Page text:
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Devin Mesoraco unlikely to be ready for Opening Day

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That flicks the catching dominoes into action.

Frank Victores-USA TODAY Sports

There's a laundry list of things that Devin Mesoraco has been unable to be a part of over the last few seasons, what with labrum surgery after labrum surgery after labrum surgery. But while his hips and shoulder have repeatedly kept him out of the Cincinnati Reds lineup for the bulk of 2015 and 2016, being ready for Opening Day in each of those years wasn't a problem for the go-to catcher, as he made starts on both occasions.

For 2017, it looks increasingly unlikely he'll be ready in time, as The Enquirer's Zach Buchanan relayed on Sunday morning.

Given how late of a start he got to Cactus League play, the kid gloves the team rightfully has with him, the $20 plus million left on his contract, and the rigors of regular catching, it's fairly easy to see why the idea of him playing on April 4th is an issue. Truthfully, it's likely much less about him playing on April 4th against the Philadelphia Phillies than it is how he'll feel on April 5th, and how long it would take for him to again be ready to catch a full nine inning game again. If he's too sore to go, that would leave the Reds in a bind, since Tucker Barnhart would be the only other catching option on the team (since they've said repeatedly that they want a roster constructed with only two catchers on the 25-man).

That would leave them a bad foul-tip or rolled ankle from a serious catching conundrum.

So, it's now looking like Mesoraco will probably stick around Goodyear when the team breaks camp and get regular action in extended Spring Training, and then matriculate on to AAA Louisville to get a few live games under his belt before returning to the big leagues. And, in the meantime, that means that one of Rob Brantly or Stuart Turner will be on the 25-man roster when the season begins in just over a week, neither of which inspires a wealth of confidence, all told.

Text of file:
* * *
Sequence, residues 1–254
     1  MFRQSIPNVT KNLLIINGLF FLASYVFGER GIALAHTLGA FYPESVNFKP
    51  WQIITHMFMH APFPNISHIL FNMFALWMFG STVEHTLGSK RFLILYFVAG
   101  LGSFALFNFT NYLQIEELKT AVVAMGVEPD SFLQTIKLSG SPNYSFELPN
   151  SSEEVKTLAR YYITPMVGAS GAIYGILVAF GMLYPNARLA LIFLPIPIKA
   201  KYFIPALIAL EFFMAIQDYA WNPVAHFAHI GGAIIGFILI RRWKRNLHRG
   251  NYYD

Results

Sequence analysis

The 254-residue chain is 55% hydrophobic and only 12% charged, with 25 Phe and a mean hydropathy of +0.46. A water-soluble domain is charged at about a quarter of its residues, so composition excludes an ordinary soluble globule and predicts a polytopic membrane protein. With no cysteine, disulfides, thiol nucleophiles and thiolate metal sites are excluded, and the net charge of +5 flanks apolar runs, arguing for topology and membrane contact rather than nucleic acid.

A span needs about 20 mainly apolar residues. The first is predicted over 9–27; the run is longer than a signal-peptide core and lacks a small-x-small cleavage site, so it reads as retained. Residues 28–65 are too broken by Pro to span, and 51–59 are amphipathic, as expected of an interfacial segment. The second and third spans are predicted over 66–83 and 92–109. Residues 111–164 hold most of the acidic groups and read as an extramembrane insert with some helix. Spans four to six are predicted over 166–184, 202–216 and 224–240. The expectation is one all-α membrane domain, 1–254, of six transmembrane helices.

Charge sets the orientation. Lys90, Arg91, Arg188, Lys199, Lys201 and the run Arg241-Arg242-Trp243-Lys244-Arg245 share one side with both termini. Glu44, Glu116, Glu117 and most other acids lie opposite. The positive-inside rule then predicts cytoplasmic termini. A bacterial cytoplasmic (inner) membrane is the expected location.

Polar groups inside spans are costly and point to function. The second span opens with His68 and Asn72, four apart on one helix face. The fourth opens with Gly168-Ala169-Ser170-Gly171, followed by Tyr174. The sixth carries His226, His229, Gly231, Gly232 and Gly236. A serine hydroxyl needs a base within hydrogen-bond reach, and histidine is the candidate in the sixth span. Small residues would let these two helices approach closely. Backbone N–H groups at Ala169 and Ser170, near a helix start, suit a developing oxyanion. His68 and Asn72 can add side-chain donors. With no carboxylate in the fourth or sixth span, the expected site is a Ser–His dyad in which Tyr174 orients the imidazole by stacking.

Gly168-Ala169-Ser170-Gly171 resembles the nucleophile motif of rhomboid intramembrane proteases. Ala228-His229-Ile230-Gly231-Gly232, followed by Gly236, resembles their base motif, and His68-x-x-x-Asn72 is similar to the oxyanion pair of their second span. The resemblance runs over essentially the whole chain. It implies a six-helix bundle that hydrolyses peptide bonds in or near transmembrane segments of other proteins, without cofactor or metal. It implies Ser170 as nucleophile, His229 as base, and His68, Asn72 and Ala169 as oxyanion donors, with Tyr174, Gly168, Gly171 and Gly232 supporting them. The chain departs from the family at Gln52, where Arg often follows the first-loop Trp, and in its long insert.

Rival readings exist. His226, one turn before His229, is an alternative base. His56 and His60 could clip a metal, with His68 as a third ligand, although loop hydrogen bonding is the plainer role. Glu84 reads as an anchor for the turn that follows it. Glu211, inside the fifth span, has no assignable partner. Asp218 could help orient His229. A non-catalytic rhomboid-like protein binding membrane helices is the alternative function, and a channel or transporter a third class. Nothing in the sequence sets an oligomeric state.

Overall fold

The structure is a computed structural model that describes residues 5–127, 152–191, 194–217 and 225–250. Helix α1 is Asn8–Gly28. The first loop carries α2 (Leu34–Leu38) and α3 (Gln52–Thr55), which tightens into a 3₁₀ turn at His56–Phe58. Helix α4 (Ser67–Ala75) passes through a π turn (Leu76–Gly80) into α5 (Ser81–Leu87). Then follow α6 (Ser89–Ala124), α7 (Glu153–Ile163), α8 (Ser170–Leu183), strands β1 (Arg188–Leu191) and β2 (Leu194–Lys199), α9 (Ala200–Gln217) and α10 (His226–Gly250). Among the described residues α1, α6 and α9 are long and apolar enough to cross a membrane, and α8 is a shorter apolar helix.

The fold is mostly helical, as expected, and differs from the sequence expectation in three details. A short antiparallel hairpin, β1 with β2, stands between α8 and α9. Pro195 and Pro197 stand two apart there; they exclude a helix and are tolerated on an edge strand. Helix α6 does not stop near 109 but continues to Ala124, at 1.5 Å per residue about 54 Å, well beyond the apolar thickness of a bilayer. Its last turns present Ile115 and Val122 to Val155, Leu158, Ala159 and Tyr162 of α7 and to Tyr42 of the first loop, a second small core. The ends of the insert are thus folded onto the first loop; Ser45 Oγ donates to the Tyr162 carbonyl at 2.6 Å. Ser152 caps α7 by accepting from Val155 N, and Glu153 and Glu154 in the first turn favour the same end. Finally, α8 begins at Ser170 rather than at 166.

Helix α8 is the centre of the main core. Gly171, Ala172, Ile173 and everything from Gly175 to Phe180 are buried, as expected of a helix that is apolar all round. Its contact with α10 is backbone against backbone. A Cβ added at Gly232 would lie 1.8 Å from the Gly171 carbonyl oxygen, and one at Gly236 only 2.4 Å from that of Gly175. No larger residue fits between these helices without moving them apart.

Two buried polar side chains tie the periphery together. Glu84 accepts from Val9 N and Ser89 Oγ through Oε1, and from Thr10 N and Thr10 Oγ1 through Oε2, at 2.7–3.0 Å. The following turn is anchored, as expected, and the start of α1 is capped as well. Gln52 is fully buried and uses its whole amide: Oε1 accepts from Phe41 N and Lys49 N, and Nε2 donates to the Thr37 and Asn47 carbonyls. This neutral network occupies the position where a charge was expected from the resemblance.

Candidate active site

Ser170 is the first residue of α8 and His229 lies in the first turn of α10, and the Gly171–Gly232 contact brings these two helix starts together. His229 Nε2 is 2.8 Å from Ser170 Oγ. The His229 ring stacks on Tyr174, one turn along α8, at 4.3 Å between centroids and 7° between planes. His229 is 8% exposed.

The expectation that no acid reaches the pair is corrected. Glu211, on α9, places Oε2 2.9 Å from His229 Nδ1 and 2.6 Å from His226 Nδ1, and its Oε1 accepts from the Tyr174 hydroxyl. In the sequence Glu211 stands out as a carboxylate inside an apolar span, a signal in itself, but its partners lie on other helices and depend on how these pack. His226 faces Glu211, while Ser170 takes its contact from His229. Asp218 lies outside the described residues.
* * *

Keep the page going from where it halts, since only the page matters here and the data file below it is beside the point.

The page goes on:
Turner, 25, has a grand total of 97 games under his belt above A-ball, all of which came last year at AA Chattanooga while a member of the Minnesota Twins organization. The Reds plucked him in the Rule 5 Draft this past December after he hit .236/.322/.363 there in 370 PA, and while he's hit quite well in Cactus League play and carries a reputation as a good defensive catcher, sending him straight to the big leagues sans AAA seasoning seems to be a bit of a stretch. However, given how Rule 5 Draftee rules go, if the Reds don't keep him on the active roster, they'll be forced to offer him back to the Twins, and there's a large likelihood they'd take him back (akin to the situation with Jake Cave and the New York Yankees just last year).

Brantly, 27, actually has big league experience from multiple seasons under his belt, albeit his career -1.1 bWAR with the Miami Marlins and Chicago White Sox doesn't exactly scream that he was ready for it. He owns a .603 OPS in 392 career MLB PAs spread across 2012-2015, but coinciding with that limited action over multiple years is the caveat that he's now out of options altogether. That, of course, means that the Reds can't simply send him to AAA to begin the season if they choose to keep Turner, since Brantly will have to pass through waivers unclaimed to get there, so there's also a chance they might lose him.

And that's the scenario that Mesoraco being close-but-no-cigar has left the Reds with. They wanted to make sure he had every opportunity to be ready for Opening Day, which meant they didn't go out and seek a ready-made catching option during the off-season. Now that they're sure he won't be ready, they're left with two sub-optimal options to help fill the void left by his absence, with the caveat that whichever one of those two they don't chose will likely be lost from the organization altogether.

One clear positive in this muddied mess is Barnhart, who held up quite well in 2016 in his first real chance to get starter's time. Strong defensively and with an improving and solid bat, he's being a good pitch-framer away from being an excellent all-around option, and that's reportedly something he and the team have been working to improve since last year. Asking Tucker to be a regular starter at this point is something the team is, and should be comfortable with, it's merely the lack of clear insurance options that leaves things paper-thin with Mesoraco sidelined once again.

Finally, the silver linings here are twofold. At least this time around, Mesoraco isn't going to be on the team because he's not ready, not because he's not healthy. If he's only two or so weeks away, then he'll be on the same schedule as the young prospects the Reds will inevitably hold back for service time reasons, and would allow him to get back into nearly an entire season's worth of action. And if you're a believer in patterns, well, consider that the last time he wasn't ready for Opening Day but was back with the team a bit over a week into a season, it was 2014 - and we all know what he did to baseballs for the remainder of that year once he returned.